Lee Marshall wasn’t born Tony the Tiger.
With his magnificent basso profundo reverberating in wrestling arenas and radio newsrooms for decades, he had to earn his stripes.
Marshall, who first voiced the Kellogg’s Frosted Flakes icon in 1999, died April 26 at a Santa Monica hospital. He was 64 and had esophageal cancer, his son Jason Marshall VanBorssum said.
A sports broadcaster and a rock ‘n’ roll deejay as well as a ring announcer and voiceover artist, Marshall spoke in deep, rich, practically evangelical tones that turned out to be ideal for selling cereal and a whole lot more.
“If God ever wanted to make a speech,” former Los Angeles Dodgers manager Tommy Lasorda once quipped, “Lee Marshall would get the call.”
The original Tony the Tiger was an actor named Thurl Ravenscroft, whose line “They’re g-r-r-r-e-a-t” resonated across the airwaves from 1952 until months before his 2005 death at age 91. In interviews, Marshall said he started helping out as Tony when Ravenscroft was in his 80s and had an increasingly difficult time with dialogue.
Playing the goofy, gregarious tiger was an unusual gig for Marshall, whose deep voice more often landed him roles as cartoon villains.
“I would just once like to be the guy who saves Scooby-Doo,” he complained to his agent.
That would never happen, he was told: “You’ll always be the guy who tries to kill Scooby-Doo.”
Marshall’s voice often was recognized by strangers, who’d want him to “do” Tony, said his friend and former colleague “Shotgun” Tom Kelly, of KRTH-101 in Los Angeles.
“He wouldn’t do it with children around,” Kelly said. “He was very protective of Tony’s image.”
“What a set of pipes,” Kelly said. “Sitting next to him, even a whisper became a roar.”
Born Marshall Aaron Mayer in Los Angeles on Nov. 28, 1949, Marshall grew up in Hollywood, where he was first exposed to a microphone on the “Kids Say the Darnedest Things” segment of Art Linkletter’s “House Party.” At 10, he would sometimes drop by radio station KFWB, where the crew let him work as gofer, fetching coffee and copy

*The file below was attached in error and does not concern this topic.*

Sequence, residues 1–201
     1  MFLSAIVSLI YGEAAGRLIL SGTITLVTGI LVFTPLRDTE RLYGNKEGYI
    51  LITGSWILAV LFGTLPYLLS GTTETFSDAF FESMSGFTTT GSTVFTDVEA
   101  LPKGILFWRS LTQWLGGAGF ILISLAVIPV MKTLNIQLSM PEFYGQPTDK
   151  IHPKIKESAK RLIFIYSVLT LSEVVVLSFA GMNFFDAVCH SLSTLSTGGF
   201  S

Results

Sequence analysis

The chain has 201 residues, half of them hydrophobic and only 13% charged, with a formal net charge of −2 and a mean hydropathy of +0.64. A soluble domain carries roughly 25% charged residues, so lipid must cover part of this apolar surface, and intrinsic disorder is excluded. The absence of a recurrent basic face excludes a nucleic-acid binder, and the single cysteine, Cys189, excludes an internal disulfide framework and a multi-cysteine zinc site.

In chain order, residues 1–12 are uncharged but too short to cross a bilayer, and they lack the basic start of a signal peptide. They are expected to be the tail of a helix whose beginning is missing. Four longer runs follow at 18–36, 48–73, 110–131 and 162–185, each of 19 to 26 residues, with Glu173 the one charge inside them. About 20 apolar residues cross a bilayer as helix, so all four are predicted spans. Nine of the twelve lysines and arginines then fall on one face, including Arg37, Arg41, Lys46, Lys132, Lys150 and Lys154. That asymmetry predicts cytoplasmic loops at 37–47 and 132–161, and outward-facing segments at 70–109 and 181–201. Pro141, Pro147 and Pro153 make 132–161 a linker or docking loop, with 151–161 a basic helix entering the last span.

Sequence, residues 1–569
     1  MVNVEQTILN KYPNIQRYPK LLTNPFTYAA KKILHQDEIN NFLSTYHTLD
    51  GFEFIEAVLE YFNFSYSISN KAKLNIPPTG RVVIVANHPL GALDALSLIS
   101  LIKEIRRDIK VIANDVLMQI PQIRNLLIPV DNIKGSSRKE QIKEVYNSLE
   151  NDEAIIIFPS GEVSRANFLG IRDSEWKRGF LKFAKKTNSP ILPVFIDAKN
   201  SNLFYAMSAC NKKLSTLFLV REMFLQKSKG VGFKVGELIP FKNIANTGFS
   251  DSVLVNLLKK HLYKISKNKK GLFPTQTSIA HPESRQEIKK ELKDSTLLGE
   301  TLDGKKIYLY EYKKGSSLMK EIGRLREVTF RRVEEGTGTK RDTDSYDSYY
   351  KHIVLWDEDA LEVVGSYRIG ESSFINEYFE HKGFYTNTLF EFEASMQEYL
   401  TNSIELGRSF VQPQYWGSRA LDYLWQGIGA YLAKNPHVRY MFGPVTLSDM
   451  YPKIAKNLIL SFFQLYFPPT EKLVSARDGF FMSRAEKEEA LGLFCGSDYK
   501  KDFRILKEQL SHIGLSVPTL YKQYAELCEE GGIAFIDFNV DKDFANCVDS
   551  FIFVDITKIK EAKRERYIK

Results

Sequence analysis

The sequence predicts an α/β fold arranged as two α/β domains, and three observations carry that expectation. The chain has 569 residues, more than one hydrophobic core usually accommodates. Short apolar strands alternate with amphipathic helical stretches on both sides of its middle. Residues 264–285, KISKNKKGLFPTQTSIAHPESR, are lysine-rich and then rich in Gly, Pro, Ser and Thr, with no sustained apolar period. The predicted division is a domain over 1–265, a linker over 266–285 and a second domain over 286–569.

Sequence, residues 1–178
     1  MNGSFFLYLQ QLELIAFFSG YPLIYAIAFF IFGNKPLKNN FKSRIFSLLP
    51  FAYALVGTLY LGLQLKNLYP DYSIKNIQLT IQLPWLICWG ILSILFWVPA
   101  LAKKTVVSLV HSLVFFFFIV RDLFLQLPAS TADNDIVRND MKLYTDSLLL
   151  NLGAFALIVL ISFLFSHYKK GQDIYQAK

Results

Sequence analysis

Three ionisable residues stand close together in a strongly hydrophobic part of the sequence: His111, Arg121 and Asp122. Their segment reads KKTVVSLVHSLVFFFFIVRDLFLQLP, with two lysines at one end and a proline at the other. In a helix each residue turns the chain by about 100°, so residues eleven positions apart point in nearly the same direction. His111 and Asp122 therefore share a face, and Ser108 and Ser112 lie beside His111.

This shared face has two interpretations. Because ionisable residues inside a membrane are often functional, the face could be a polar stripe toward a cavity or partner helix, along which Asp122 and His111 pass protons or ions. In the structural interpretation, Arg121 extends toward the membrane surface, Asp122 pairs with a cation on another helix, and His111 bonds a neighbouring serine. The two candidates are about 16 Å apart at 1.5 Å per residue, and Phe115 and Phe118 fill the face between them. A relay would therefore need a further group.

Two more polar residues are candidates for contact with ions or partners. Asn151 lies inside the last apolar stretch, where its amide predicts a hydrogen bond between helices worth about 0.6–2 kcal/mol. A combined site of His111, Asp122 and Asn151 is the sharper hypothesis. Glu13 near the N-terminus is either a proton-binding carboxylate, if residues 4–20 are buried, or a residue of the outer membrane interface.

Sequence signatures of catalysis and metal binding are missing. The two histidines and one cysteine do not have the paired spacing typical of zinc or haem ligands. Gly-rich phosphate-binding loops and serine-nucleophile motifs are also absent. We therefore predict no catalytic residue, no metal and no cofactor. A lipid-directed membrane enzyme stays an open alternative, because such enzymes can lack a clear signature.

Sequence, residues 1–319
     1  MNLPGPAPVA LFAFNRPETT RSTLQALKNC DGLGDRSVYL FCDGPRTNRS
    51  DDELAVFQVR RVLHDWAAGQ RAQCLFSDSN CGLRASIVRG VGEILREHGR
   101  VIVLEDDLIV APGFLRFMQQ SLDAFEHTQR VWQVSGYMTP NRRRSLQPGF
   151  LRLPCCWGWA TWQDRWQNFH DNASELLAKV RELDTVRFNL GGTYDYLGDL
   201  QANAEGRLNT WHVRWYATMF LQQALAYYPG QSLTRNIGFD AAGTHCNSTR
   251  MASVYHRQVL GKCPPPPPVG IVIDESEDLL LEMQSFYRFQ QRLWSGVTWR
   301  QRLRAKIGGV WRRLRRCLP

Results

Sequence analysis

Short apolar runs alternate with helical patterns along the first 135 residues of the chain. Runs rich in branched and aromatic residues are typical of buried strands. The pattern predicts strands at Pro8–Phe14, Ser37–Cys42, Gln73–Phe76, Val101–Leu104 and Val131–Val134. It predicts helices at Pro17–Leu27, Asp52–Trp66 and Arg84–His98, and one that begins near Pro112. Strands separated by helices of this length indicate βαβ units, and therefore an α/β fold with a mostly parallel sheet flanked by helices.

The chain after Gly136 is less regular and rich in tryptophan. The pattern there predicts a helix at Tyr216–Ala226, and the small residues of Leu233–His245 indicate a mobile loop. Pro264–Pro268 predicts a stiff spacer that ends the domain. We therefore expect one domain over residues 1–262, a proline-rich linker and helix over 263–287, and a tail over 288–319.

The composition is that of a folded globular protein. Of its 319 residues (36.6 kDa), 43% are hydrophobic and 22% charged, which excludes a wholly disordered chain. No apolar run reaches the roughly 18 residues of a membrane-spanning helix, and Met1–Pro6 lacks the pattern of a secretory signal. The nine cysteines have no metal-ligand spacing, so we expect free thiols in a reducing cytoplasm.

After Marshall’s parents moved the family to Phoenix, he picked up his first full-time radio job, as a deejay from 7 p.m. to midnight. With a prematurely deep voice, he lied about his age to get through the door. He was 14.
Three years later, he was made a newsman at another station. Soon he was at Phoenix’s over-the-top rock station KRIZ, where he and his colleagues boosted their ratings with zany stunts: saving the seal living in Marshall’s bathtub, saving the city’s Tallahatchie bridge, promoting the grand opening of a supermarket chain called Ticonderoga — “like the pencil.”
The seal and the supermarkets were imaginary. The bridge, the setting of the popular 1967 song “Ode to Billie Joe” — was in Mississippi. Thousands of Phoenix residents attended a KRIZ rally for it anyway.
“We believed in creating theater on the radio,” said W. Steven Martin, a Phoenix radio personality whose “W” was a handle added to his name by Marshall, on air, on the spur of the moment.
“He told me that nobody named Steven Martin could become famous,” Martin said.
Marshall was a newscaster at the brassy, sensationalistic CKLW in Windsor, Ontario — Detroit killings were tracked on the “Motown Murder Meter” — before working for KCBQ in San Diego, and KHJ and KABC in Los Angeles. At the latter, Marshall hosted a talk show from Dodger Stadium.
He also delivered newscasts laced with anti-gang messages at the Los Angeles rap station KDAY, which called itself “The World’s Most Dangerous Radio Station.” Many listeners visualized “King News” — Marshall’s nom de rap — “as a black prophet,” The Times wrote in 1990, and were “probably shocked when they discover that this inner-city voice belongs to a white, 40-year-old former bodybuilder who used to be a sportscaster.”
All the while, Marshall traveled the U.S. to do televised ringside interviews of professional wrestlers. One of them once heaved Marshall, clad in his black tuxedo and white ruffled shirt, into the second row, injuring his back.
In later years, Marshall, an Oxnard resident, worked at KVEN in Ventura and taught at California Lutheran University in Thousand Oaks.
In addition to his son, Marshall’s survivors include his wife, Judie, stepdaughter Eve Borders Ottis and granddaughter Kate.